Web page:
Latest in Gaming

Image credit:

The Nexus Telegraph: Why WildStar's housing matters

Eliot Lefebvre

A while back, I got a wonderful letter from a reader whom I'll simply call L for these purposes. L was curious why, exactly, I cared about housing in WildStar, not out of a desire to belittle but out of a genuine curiosity. From his standpoint, housing adds nothing to the game and takes development time away from features that do add to the overall experience. His question was an attempt to see if he was missing some crucial point, something that made housing more important than, say, another raid at launch.

Partway through typing a response, I realized that this was a response that deserved more than just a letter; it deserved center stage because L is both right and wrong.

In the strictest sense, housing does take away from development time that could go toward other features. For some players it's just not that interesting or relevant. But at the same time it also opens up avenues of design and play that just don't exist without housing in place, which winds up making the game as a whole better even if you don't want to play housekeeper.

It's all about me, I guess.One of the things that L mentioned is that he understands the idea of having a place to show off your virtual trophies and having a place to store extra items, but he can't see himself inviting others over to show off his immaculate virtual living space. This is fine. One of the points of housing is that you can use it however you see fit. You can spend time and effort customizing it, or you can just use it for pure function and not worry about looks or invitations or anything like that. It's totally valid either way.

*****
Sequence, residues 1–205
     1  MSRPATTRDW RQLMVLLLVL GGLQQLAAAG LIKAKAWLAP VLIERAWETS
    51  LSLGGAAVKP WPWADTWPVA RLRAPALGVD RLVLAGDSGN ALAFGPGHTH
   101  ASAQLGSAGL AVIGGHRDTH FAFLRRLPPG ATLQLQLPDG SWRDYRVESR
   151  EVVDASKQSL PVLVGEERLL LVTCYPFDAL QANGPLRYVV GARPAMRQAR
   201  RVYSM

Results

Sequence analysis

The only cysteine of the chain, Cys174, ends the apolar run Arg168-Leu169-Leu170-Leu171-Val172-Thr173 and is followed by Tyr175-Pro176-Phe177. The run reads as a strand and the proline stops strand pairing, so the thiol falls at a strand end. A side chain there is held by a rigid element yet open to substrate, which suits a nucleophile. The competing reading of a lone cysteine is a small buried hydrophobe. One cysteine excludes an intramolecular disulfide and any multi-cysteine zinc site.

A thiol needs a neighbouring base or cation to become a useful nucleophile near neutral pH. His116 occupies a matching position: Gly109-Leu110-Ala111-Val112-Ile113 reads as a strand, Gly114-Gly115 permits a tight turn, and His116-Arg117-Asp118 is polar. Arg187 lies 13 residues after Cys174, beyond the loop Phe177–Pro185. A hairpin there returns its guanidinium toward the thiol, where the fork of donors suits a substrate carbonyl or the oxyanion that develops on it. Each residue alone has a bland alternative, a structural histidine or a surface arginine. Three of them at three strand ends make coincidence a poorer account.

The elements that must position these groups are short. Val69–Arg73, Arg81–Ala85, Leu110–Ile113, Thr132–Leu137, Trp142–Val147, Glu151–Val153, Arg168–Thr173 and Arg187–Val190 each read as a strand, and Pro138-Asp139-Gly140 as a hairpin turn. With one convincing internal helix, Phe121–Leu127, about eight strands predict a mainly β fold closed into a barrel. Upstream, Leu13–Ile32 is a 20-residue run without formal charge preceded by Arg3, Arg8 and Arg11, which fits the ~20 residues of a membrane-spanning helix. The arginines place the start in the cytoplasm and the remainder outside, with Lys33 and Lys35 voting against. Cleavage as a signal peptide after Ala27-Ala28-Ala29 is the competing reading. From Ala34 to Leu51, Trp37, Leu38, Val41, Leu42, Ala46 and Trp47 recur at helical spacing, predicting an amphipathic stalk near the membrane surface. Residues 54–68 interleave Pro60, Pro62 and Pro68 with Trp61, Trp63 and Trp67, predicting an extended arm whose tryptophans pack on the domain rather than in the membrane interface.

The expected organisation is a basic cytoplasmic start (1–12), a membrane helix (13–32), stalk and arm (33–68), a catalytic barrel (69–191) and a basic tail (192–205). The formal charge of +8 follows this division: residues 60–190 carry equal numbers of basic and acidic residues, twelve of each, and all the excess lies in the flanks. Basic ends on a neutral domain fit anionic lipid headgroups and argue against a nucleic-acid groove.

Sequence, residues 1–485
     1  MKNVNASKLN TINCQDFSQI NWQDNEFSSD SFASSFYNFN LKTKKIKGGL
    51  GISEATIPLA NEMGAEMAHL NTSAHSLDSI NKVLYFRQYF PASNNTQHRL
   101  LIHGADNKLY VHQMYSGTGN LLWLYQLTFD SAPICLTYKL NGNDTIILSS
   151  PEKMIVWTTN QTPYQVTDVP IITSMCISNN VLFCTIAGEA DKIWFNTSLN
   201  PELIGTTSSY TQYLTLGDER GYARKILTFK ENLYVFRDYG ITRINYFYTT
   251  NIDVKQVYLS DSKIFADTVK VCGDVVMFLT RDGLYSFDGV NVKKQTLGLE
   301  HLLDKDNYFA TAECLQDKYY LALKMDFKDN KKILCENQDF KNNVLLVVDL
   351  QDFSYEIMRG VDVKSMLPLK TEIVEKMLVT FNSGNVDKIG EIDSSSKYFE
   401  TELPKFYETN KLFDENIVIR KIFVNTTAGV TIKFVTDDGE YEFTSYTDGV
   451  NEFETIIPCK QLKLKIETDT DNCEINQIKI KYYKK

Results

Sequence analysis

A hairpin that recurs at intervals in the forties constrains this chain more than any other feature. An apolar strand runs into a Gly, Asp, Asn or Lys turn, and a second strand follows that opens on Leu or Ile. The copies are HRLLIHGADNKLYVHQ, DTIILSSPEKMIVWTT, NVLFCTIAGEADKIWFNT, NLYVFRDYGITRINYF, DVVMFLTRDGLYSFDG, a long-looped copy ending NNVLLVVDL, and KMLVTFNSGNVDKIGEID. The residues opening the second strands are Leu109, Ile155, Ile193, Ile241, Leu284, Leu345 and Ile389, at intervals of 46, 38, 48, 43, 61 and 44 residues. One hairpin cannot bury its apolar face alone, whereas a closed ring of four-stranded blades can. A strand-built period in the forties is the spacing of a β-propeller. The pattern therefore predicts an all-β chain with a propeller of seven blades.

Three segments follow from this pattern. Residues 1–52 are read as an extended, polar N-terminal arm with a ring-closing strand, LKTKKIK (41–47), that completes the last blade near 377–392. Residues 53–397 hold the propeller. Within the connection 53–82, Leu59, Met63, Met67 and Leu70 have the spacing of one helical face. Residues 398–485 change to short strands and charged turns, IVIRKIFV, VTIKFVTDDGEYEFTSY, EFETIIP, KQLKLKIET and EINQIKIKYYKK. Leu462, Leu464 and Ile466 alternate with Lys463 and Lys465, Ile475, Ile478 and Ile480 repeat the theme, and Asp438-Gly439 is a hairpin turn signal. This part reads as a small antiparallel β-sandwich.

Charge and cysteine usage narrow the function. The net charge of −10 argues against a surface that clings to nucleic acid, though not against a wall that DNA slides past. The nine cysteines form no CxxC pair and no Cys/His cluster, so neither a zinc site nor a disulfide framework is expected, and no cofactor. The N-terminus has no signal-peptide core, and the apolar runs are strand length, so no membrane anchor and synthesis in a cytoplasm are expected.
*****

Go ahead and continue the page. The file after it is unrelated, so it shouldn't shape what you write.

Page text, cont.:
Part of this is because one of the core functions of having a house in-game is in giving you options. I'm a roleplayer; obviously my character homes mean something to me and will doubtlessly be filled with other people. If you aren't, though, there's nothing in the game forcing you to spend more time with housing. Using it for the bare minimum is perfectly acceptable.

But I think there's a bigger aspect to housing, one that makes it even more valuable: A game with housing is asking you to put down roots in a way that you can't without a house.

We can all agree that housing is its own animal in the larger game. You could argue that it's a progression track all its own; you acquire new decorations and get more and more options for decorating the house, which ideally leads to a much prettier house. There's an entire series of items used just for housing, things that otherwise have lessened or nonexistent value. Housing creates another thing for players to use as a mark of progress.

The thing is that it ties into other things you're doing. You can't just decorate until you unlock new decorating loot. (Wait, why can't you? I'm starting a new project after this column is done.) If you're accomplishing big things in PvP or PvE endgame content, you want something to show for it. Likewise, you want to be able to have all your hard work decorating translate into some benefits for your character. Everything ties back together.